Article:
It is only divine light which can illuminate the soul. There are other degrees, shades, and types of light on the physical, subtle, and spiritual planes. They may illumine the bodies of man, but the light of the soul is beyond this. In the book, Health, various grades and types of healing are explained. In the brochure on Metaphysics various states of consciousness are explained. When these are understood, the devotee will recognize all the grades and types of light, their functions and purposes in the universe.

O Thou, the Perfection:

Jesus has said, “Be ye perfect as your Father in Heaven is perfect.” This perfection is beyond conception. It indicates that that is the end and aim of life. It is the completion.

Of Love, Harmony, and Beauty:

Perfection without attributes is an Allah without attributes. It can become a lifeless ideal. But reality is never lifeless; reality is always all-inclusive. This all-inclusiveness is also super-conceptual. It has attributes; reality has attributes. And we have offered as part of the message of the new age: love, harmony, and beauty, therefore.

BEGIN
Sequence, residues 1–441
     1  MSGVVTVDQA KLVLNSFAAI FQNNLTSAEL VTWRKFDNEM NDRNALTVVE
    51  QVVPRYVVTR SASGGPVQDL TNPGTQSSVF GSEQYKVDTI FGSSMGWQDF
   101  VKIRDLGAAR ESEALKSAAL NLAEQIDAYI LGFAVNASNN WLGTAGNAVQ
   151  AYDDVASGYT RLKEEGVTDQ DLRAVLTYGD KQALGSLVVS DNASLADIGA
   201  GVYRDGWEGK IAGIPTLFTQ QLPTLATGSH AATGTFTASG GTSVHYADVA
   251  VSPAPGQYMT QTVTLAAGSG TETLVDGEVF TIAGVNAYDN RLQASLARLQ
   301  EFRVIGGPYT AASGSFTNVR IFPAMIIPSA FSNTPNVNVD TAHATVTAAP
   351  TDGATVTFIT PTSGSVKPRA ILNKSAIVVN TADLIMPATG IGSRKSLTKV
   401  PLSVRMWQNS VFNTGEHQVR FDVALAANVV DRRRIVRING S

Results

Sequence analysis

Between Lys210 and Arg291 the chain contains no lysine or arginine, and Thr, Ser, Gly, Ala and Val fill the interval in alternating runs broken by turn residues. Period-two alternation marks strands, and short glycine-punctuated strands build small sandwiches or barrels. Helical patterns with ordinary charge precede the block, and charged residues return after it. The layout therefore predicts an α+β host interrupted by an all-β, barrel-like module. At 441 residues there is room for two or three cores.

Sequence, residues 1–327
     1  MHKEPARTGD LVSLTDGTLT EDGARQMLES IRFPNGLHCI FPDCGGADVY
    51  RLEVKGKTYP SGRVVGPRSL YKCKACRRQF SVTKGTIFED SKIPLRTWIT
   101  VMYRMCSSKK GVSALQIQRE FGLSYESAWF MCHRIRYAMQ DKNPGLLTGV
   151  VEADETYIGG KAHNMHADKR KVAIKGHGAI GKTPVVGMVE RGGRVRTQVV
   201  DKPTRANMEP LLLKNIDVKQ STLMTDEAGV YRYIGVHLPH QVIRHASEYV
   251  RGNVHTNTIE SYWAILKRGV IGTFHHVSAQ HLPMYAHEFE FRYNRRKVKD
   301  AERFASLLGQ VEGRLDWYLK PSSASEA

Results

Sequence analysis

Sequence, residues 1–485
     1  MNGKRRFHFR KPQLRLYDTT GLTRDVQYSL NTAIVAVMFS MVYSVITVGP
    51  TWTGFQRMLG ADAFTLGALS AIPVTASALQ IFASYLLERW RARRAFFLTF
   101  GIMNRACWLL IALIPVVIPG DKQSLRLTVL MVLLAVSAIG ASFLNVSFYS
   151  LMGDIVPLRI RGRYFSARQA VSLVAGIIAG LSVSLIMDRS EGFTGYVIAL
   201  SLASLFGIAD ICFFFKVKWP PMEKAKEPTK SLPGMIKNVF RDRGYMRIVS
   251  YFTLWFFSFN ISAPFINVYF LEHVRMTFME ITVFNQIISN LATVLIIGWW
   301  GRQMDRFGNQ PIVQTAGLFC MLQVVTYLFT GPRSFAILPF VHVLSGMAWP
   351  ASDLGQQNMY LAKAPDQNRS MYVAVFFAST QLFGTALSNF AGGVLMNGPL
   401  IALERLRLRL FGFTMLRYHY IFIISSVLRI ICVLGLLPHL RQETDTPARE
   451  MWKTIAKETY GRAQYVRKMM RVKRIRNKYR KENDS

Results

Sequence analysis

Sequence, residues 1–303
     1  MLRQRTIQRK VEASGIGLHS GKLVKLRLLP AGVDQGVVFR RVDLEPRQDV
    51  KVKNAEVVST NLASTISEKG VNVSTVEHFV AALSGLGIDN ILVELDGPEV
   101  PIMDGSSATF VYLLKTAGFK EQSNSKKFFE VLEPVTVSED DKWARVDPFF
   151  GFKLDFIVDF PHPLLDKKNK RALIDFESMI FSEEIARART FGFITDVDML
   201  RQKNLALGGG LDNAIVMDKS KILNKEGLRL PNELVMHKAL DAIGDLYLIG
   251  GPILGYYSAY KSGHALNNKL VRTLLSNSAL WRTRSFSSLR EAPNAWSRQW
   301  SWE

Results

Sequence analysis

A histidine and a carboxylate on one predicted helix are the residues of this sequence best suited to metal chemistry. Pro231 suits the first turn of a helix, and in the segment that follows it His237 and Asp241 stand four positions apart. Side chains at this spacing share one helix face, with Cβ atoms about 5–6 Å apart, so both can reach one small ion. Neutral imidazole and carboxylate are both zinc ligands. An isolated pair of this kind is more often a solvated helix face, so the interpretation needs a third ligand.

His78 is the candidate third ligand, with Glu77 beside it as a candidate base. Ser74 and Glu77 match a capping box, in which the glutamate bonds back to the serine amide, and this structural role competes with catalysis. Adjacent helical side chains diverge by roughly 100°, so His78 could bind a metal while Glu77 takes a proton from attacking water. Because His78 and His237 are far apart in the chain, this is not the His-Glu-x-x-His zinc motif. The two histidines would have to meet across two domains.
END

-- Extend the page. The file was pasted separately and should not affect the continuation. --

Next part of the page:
All-Powerful Creator:

This suggests that creation is connected with Divine Might. In the Qur’an it is said, that Allah offered the word “kun,” and this very sound or word suggests power and knowledge in the Indo-Germanic languages. There is also the same idea here that can be found in the deepest considerations of Allah-ho-Akbar, that kinetic energy arose from potential energy.


According to the Hindu religion God manifests as Brahm, the Creator; Vishnu, the preserver; and Shiva or Maheish, the Destroyer or Assimilator. Mystics ultimately see God in all these aspects together. God is the One Who creates, sustains, and transforms.

Judge, and Forgiver of Our Shortcomings: